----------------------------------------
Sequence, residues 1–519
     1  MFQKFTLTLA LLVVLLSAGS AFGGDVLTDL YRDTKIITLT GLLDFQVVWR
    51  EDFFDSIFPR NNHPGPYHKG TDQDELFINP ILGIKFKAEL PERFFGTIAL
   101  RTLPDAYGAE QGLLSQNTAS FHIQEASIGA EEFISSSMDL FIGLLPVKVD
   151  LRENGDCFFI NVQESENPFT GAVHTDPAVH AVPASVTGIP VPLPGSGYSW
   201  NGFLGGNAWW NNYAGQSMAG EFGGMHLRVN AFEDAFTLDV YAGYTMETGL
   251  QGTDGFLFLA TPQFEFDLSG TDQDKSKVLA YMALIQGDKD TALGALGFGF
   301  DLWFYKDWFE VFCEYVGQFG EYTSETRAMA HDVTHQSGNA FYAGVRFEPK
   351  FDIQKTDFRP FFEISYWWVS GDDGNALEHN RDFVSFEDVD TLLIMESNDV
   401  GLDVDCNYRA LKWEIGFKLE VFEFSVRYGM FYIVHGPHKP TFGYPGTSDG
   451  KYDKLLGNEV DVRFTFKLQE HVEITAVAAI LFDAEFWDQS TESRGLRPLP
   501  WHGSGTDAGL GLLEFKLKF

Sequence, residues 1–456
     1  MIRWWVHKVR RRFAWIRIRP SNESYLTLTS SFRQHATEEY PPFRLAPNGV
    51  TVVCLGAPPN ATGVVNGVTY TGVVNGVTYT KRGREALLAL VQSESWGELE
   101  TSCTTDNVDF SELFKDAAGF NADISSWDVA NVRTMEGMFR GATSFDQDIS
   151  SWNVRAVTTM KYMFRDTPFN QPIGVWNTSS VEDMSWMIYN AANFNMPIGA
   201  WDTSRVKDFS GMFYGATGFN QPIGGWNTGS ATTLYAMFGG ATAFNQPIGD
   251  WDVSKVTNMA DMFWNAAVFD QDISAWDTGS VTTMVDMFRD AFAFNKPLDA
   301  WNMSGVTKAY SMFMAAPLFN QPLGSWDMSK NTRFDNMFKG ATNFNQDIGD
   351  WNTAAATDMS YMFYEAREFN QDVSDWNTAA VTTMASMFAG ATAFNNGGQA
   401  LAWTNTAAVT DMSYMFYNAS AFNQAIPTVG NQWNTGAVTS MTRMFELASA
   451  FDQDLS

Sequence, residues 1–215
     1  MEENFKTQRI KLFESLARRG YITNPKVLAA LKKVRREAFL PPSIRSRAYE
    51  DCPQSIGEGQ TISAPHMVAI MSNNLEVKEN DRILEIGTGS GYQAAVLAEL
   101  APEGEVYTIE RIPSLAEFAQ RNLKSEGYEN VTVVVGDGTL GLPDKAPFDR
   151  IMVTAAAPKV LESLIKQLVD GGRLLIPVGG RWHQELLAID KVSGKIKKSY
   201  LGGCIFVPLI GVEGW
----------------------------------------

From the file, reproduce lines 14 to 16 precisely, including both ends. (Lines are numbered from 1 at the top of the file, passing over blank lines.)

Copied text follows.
     1  MIRWWVHKVR RRFAWIRIRP SNESYLTLTS SFRQHATEEY PPFRLAPNGV
    51  TVVCLGAPPN ATGVVNGVTY TGVVNGVTYT KRGREALLAL VQSESWGELE
   101  TSCTTDNVDF SELFKDAAGF NADISSWDVA NVRTMEGMFR GATSFDQDIS